In particular, he asserts that the U.S. should intervene militarily only with express congressional authorization, based on clear goals and exit strategies, and a firm commitment to care for our military when they return. Such actions should focus on creating space for local political solutions. If there is no achievable political solution, one must question the use of military force. This approach restores congressional authority, checks unilateral presidential actions, and respects the lives and welfare of our troops.
For Murphy, another crucial point marks the volatile intersection of domestic and foreign policy – free trade agreements. For Americans who perceive the global economy as a threat to their personal security and livelihood, free trade pacts are inherently suspect; like many Democrats, Murphy opposed the Trans Pacific Partnership. Here foreign policy goals, including countering Chinese influence in Asia, conflicted with the concerns of American workers ― and the political interests of a party beset by Trump’s facile promises to better their lives through protectionism.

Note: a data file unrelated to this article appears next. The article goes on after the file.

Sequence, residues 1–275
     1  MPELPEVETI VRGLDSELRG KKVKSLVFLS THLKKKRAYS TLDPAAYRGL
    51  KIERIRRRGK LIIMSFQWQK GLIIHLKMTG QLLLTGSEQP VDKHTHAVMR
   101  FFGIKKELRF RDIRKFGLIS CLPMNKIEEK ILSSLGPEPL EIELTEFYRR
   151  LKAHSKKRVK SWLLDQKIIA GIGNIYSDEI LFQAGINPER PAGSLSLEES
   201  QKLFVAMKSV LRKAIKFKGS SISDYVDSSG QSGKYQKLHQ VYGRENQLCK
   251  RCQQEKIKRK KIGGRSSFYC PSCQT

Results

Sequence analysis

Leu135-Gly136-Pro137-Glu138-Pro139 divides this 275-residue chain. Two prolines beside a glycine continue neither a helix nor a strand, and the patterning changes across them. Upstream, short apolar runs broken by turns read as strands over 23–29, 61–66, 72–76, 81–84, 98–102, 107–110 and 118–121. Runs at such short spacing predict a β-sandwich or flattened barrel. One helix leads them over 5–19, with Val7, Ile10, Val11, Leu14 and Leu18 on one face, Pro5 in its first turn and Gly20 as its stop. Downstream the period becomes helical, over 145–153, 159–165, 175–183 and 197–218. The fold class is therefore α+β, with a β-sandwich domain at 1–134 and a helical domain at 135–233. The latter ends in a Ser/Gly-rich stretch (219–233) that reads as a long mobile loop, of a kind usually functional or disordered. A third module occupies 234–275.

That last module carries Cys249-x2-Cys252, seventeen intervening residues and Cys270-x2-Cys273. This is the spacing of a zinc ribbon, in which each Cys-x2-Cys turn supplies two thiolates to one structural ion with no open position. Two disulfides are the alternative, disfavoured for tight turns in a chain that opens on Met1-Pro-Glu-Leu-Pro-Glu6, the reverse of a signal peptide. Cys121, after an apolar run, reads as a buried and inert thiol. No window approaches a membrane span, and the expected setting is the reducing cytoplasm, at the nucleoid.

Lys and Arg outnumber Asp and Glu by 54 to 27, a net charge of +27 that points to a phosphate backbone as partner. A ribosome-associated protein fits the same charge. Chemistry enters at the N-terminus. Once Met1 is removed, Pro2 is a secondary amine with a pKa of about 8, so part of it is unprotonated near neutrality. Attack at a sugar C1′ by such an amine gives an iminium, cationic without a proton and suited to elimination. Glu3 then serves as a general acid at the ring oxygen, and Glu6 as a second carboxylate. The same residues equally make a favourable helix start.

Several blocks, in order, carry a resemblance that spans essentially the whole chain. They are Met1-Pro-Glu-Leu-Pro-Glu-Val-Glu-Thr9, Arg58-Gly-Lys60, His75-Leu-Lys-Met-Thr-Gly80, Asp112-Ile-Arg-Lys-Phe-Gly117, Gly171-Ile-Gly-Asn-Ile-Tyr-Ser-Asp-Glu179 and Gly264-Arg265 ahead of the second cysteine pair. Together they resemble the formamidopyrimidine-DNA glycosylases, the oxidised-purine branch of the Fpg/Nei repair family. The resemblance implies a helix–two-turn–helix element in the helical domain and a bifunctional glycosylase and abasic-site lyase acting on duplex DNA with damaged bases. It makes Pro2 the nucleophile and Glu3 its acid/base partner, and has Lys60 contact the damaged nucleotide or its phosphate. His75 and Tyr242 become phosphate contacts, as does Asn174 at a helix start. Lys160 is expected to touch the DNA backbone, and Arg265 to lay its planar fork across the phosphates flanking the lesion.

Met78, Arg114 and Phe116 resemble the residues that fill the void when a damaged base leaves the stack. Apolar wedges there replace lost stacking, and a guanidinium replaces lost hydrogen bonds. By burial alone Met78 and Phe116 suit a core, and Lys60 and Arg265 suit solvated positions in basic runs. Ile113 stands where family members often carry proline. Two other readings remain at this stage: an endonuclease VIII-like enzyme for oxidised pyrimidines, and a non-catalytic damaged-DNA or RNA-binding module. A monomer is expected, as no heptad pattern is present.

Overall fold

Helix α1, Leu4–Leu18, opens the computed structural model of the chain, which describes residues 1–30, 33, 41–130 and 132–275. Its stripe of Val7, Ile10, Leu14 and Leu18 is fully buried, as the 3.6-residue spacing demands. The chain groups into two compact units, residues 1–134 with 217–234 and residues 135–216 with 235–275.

Challenged to explain his vote, Murphy is direct. There was a winning foreign policy argument in favor of the TPP, he says – and a losing economic argument. First, he contends, America must invest in people who are displaced by economic change – through free education, job retraining and the like. Only with this as predicate can he support free trade agreements in order to expand our influence and commerce abroad.
One can agree, or not. But successful leaders in foreign policy must be able to bring their constituents along, lest they lose touch, and fail. Clearly, Murphy understands this.
In fact, Chris Murphy clearly understands a great deal more about foreign policy than most of his peers. And more, surely, than Donald Trump ever will. In a world as complex and dangerous as this, that matters – now, and perhaps in 2020.